Curtiss P-40F

The prototype P-40F, formerly P-40D 40-360...

Project 914 Archives (S. Donacik collection) - Larger Image

In 1940 or 1941 someone somewhere got the bright idea of sticking a Rolls Royce Merlin engine onto a P-40D
and the world was introduced to a fairly ugly version of a really slick-lookin' airplane...

The Allison engine was removed from P-40D 40-360 and replaced with a Rolls Royce Merlin, with the first
flight of this new beast taking place on June 30th, 1941. Apparently someone liked what they saw (maybe
the same guy who got the bright idea in the first place) because next thing the world knew, a new variant
of the P-40 was ordered into production... the P-40F. It was obviously given the 'F' suffix because that
was what came after 'E'... but I like to think they picked 'F' for 'Frakkin' Ugly'. Maybe not... but you
never know. Anyhoo, yeah, the Merlin-powered Hawks may have been somewhat less aesthetically pleasing than
their predecessors, but performance was improved a bit and that is what truly mattered.

The initial production P-40Fs were essentially P-40Es powered by US-built Packard Merlin engines and,
superficially, everything behind the firewall was pretty much the same as the Allison-powered ships. However,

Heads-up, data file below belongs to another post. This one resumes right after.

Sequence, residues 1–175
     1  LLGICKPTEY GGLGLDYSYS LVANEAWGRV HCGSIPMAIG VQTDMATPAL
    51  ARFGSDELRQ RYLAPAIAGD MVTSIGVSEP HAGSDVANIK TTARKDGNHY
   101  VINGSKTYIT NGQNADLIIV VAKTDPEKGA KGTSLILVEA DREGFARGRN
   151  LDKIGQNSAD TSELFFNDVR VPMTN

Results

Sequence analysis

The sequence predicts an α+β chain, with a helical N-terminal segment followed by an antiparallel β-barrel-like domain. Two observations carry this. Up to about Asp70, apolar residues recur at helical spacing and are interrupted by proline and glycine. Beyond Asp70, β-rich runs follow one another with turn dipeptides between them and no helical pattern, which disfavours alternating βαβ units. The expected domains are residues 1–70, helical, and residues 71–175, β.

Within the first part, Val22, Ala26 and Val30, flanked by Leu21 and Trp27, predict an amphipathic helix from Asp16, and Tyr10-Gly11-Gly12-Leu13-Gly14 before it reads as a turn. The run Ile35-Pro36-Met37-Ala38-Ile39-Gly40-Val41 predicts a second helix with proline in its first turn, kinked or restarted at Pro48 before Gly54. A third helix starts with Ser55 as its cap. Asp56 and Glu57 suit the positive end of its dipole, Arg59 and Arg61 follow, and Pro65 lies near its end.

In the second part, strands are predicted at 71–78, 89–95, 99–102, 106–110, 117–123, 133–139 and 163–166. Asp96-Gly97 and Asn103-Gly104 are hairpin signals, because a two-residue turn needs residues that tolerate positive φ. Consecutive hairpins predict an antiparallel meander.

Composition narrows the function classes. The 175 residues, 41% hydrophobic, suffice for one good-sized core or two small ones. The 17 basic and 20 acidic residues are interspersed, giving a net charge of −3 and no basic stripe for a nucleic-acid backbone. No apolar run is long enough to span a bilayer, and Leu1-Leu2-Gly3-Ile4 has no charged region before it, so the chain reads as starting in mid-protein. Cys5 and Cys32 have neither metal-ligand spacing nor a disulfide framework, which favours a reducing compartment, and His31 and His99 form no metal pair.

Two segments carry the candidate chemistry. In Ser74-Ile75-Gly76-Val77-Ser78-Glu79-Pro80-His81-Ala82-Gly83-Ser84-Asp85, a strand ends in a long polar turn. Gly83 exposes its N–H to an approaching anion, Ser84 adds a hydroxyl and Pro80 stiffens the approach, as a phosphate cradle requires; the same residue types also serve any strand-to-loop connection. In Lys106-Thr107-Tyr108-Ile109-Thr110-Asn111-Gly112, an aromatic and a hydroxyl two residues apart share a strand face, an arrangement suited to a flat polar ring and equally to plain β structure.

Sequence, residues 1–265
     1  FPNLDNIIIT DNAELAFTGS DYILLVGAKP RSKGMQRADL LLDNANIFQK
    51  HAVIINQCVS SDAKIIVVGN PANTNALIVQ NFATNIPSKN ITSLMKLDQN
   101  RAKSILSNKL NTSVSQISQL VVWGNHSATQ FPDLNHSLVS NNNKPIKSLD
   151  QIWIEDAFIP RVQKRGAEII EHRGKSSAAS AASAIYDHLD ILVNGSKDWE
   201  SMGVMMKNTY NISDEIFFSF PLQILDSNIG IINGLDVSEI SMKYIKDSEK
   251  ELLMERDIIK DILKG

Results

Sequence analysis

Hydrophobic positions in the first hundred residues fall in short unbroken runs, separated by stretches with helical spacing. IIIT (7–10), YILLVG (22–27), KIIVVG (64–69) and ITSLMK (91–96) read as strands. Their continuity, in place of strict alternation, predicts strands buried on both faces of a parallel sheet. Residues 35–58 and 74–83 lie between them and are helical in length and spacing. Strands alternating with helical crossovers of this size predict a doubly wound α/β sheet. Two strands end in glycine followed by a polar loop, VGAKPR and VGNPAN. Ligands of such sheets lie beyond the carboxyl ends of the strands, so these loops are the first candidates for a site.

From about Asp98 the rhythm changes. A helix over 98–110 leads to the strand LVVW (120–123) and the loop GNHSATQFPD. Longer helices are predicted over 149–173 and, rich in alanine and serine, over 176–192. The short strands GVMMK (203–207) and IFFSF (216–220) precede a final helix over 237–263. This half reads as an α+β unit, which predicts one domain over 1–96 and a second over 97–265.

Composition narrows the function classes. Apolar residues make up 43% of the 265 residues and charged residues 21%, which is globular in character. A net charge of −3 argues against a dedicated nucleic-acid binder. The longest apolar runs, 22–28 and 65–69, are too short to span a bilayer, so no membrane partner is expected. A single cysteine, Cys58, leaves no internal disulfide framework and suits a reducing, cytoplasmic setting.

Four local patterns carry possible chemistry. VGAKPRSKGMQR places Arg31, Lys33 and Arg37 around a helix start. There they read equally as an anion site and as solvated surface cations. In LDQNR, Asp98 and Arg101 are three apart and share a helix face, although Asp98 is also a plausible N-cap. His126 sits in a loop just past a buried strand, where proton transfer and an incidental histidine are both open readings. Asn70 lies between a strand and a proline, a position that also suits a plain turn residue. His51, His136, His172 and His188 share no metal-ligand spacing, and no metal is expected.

another change in the P-40's appearance was not long in coming. Efforts were being made to improve directional
stability, which had been a constant problem with the type, and, starting with the P-40F-5-CU, the fuselage
was extended by about two feet. Despite vehement opposition from the P-40's designer, Donovan Berlin, the
longer fuselage became standard for all subsequent variants of the type, beginning with later production P-40Ks.

An interesting and perhaps obscure bit of trivia about the P-40F... it was the first P-40 variant to be
officially bestowed with a name in the United States. The previous names of 'Tomahawk' and 'Kittyhawk' had
been applied by the British to the P-40/B/C and P-40D/E, respectively. (with the latter also being applied
to all subsequent variants by the Brits) Although those names were often used in the USA, it was with the
P-40F that the truly iconic moniker of 'Warhawk' was ushered in.

The most comprehensive online written text concerning the P-40 is a series of articles by Joe Baugher.
You can see his 'P-40F' page HERE...

Another view of the prototype P-40F; this photo was hastily retouched to hide the four-gun wing of the P-40D.
Also note the early chin intake configuration with a simple splitter installed.

Project 914 Archives (S. Donacik collection) - Larger Image

One of 699 early-production short-tailed P-40Fs.

Project 914 Archives (S. Donacik collection) - Larger Image

P-40F 41-13997 on a test flight with Curtiss pilot Herb Fisher behind the stick.

Project 914 Archives (S. Donacik collection) - Larger Image

I believe that this is the first production P-40F (41-13600) during tests by the NACA at Langley Field to
address the problem of directional stability. This ship displays the longer fuselage that would soon become
standard for the P-40F and for all subsequent variants of the P-40, beginning with later production P-40Ks.

NASA, Langley Research Center - Larger Image

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